Unsurprisingly, the derived dust reddening is consistent with zero, meaning there is little dust present in this galaxy – this is expected, since dust content is built up from generations of stars completing their evolution cycles, which GN-z11 should not yet have experienced. The age, although uncertain due to the sparse sampling of the SED, is also reported to be very young, clocking in at less than 100 Myr. Lastly, the stellar mass is found to be a little more than a billion solar masses, roughly one sixtieth of the mass of the Milky Way. However, the Milky Way as we know it has had the entire history of the universe to build this much mass in stars, over 13 billion years, whereas GN-z11 has achieved its mass in only a few hundreds of Myr. This implies that the build-up of stars in GN-z11 must have been extraordinarily rapid.
Further information is revealed from the new spectrum of GN-z11. The particular spectral line detected at greater than 5-sigma (CIII]) is sensitive to the electron density of the material from which it was emitted. The width of this line, shown in Figure 2 above, suggests a very dense interstellar medium within GN-z11, and may indicate that GN-z11 hosts an active galactic nucleus.
The future of high-z galaxy studies
With new observatories on the horizon specializing in infrared observations, such as the Euclid mission, the Nancy Grace Roman Space Telescope, the James Webb Space Telescope, we are on the cusp of exploring the realm of reioniziation and the first billion years of the universe in ever greater detail. While the current record holder for the most distant galaxy is GN-z11, we should expect to find many more galaxies at similar distances with these new facilities through their combination of field of view (especially Euclid’s and Roman’s), and resolving power (one of JWST’s primary features). For the time being, GN-z11 has revealed a tremendous amount of information about the early universe, and the confirmation of its distance is an encouraging testament to the methods astronomers have developed for finding such rare objects in the vast cosmos.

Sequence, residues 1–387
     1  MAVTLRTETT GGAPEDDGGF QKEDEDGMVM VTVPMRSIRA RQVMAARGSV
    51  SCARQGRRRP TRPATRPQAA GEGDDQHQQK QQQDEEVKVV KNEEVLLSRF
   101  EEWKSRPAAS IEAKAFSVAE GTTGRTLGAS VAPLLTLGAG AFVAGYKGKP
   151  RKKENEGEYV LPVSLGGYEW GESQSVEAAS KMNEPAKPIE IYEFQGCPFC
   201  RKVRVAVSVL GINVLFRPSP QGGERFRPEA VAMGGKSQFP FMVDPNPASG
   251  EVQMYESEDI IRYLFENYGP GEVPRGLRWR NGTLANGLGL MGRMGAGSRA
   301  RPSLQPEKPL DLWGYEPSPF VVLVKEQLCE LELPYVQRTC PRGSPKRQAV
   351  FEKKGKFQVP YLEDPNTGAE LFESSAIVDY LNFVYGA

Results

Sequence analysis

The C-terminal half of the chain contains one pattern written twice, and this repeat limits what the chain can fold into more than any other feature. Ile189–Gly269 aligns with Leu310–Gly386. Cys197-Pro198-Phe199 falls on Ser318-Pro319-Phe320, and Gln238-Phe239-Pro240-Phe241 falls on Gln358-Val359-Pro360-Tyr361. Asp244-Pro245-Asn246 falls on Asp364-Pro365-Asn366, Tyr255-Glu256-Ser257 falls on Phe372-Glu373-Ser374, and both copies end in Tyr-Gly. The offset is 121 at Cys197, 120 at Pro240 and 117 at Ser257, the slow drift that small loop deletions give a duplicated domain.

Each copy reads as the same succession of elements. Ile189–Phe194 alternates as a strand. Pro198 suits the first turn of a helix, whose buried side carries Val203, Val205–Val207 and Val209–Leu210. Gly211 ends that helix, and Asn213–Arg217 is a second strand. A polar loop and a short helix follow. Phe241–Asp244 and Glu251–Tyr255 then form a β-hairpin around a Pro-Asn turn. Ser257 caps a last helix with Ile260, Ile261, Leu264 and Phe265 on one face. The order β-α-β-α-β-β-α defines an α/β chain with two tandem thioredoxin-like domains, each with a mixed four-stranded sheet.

Astrobite edited by John Weaver and Bryanne McDonough.
Featured image credit: NASA/ESA; P. Oesch et al. (2016).
If we know how far away it is (which is where it was 32 billion years ago), and we can calculate how fast it’s moving away, can we not then estimate how far away it actually is now (32 billion years later)?
Well, I’m not an astrophysicist, only had 1 year of college. But I can’t understand how this galaxy can be 32 billion light years away when almost everyone agrees the universe we know is around 13 or 14 billion years old. It’s obvious I’m missing something, can anyone tell me what I’m missing?
Hey, I’m Blake. I’m actually studying to become an Astrophysicist. You are correct in the universe is 13.4 billion years old. And yes, this galaxy is further than that from us-by over double. To explain this, lets first start with the idea we’re told young. “Nothing travels faster than the speed of light.” Which this statement is true. The idea is, that space itself is nothing. Dark Matter and Dark Energy follow rules we are yet familiar with. After the big band, galaxies went pushing outward. Some faster than others. This is called inflation. When we look at distant galaxies we can keep one principal in mind. The further the galaxy, the faster it’s moving. Galaxy GNz-11 is the furthest, and oldest known galaxy. GNz-11 is moving faster than the speed of light. So eventually it’ll be out of view for forever. Back to how this is possible. Think of an infinite sheet of paper. Expands in every direction. Now say Galaxy A is 2 units away from us, and galaxy B is 10 unites away. And they move away from us at a factor of two. Meaning Galaxy A is now 4 units away and galaxy b is now 20 units away. This same concept is applied to our universe. Space is the distance between us and everything else. It doesnt have mass so it can move at whatever speed it choses too. In this case faster then the speed of light.